South Canterbury Finance to make further provisions
A capital raising is imminent for Allan Hubbard's troubled South Canterbury Finance with the company today admitting further provisioning is required for impaired assets.In a market update, South Canterbury said it will report a loss for the six months to
Wed, 03 Feb 2010
A capital raising is imminent for Allan Hubbard's troubled South Canterbury Finance with the company today admitting further provisioning is required for impaired assets.
In a market update, South Canterbury said it will report a loss for the six months to December due in part to provisioning for assets previously identified as impaired.
“In addition, the early redemption of derivative instruments associated with the US private placement facility and the impact of fair value adjustments on investments will have a negative impact on results for the half year.”
The company also said that it had discovered adjustments might be required to the reporting of certain items in the June 30, 2009 audited financial statements.
For instance, the valuation used for a preference share investment in South Island Farm Holdings should have been at fair value rather than cost, under the applicable financial reporting standard.
The company’s latest prospectus revealed a July purchase of $74 million of preference and ordinary shares in South Island Farm Holdings, a company formed in March by Hubbard and owner of 20 dairy farms.
An independent valuation of that deal is being undertaken.
“The company is currently reviewing the extent of potential prior period adjustments and at this stage believes that they may not have material impact on the current position of the company,” South Canterbury said.
The company recently replaced its auditor – Woodnorth Myers – with the larger and more experienced Ernst & Young.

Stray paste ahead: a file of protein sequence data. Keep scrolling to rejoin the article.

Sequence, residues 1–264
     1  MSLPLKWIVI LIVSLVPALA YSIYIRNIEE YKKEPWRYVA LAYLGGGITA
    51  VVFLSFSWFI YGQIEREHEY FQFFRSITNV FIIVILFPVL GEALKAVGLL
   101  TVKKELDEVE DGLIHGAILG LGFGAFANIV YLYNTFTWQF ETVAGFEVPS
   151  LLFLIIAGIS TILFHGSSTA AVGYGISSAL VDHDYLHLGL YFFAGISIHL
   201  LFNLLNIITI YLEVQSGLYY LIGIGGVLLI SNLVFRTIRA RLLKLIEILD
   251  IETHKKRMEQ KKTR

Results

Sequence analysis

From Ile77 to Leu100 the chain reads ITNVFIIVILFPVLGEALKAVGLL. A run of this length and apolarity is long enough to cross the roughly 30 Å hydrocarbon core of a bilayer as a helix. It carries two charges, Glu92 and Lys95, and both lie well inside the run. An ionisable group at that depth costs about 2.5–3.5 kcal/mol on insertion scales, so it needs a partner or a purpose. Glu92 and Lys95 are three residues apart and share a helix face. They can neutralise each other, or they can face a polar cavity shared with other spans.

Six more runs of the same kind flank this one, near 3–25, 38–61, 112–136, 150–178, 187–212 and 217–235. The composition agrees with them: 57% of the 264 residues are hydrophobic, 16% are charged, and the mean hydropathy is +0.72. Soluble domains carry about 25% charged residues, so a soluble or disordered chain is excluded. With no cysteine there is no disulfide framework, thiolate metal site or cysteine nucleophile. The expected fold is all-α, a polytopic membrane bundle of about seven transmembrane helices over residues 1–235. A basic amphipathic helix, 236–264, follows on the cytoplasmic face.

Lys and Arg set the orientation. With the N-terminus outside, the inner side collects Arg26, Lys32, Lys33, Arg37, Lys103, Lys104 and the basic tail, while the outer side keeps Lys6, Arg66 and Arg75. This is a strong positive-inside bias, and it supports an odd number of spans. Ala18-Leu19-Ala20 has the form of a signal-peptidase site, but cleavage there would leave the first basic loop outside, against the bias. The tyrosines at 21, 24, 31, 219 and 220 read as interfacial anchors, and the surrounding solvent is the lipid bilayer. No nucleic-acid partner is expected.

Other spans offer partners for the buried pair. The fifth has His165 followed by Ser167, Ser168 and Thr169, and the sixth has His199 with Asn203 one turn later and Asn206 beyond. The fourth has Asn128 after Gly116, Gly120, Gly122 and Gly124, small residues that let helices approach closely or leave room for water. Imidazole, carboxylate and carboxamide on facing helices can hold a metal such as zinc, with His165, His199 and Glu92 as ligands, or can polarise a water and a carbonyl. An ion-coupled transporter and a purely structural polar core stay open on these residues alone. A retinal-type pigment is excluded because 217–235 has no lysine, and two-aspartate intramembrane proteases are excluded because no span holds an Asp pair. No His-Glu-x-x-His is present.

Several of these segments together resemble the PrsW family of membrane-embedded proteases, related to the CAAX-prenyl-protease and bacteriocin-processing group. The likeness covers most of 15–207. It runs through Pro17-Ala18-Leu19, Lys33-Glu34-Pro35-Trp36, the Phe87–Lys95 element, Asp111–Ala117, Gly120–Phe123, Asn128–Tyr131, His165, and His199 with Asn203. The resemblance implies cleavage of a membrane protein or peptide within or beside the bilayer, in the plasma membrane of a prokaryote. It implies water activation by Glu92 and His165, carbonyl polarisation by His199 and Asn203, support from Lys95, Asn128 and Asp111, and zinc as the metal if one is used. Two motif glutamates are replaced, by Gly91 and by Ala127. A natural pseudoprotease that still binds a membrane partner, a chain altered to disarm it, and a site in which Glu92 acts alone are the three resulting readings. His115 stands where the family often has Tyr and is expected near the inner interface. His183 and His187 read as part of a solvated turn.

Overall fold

Principal owner Mr Hubbard has already been forced to inject funds and underwrite bad loans after South Canterbury posted a net loss of $69 million in the year through June and was forced to renegotiate repayment terms with a group of US investors after it lost its investment grade credit rating.
Mr Hubbard then brought his finance, helicopter and apple export companies (Scales Group) under a new umbrella, Southbury Corporation, and completed a $27.5 million private placement to inject capital into South Canterbury.
New South Canterbury chief executive Sandy Maier has reviewed the business since his appointment just before Christmas.
“The results for the first six months of the year will not be representative of the historical achievements of the company’s business nor of the strength of its future performance,” he said in a statement.
South Canterbury has applied for acceptance into the extended Crown retail deposit scheme, which commences on October 12, 2010.
Until now most of the talk from the company about its recapitalisation plans centred on its major shareholder Southbury Group, which was slated as a sharemarket listing candidate.
But today it appears South Canterbury is headed for a more direct capital raising proposal that could see the finance company bringing in new investors and perhaps a sharemarket float.
Investment bank Forsyth Barr has now been “mandated to source funding to strengthen the balance sheet of South Canterbury Finance.”
On a brighter note, South Canterbury said it has experienced a strong inflow of new investment money, averaging in excess of $1.7 million per day through January.
The company expects to report its half year result later this month or early in March.
Wed, 03 Feb 2010
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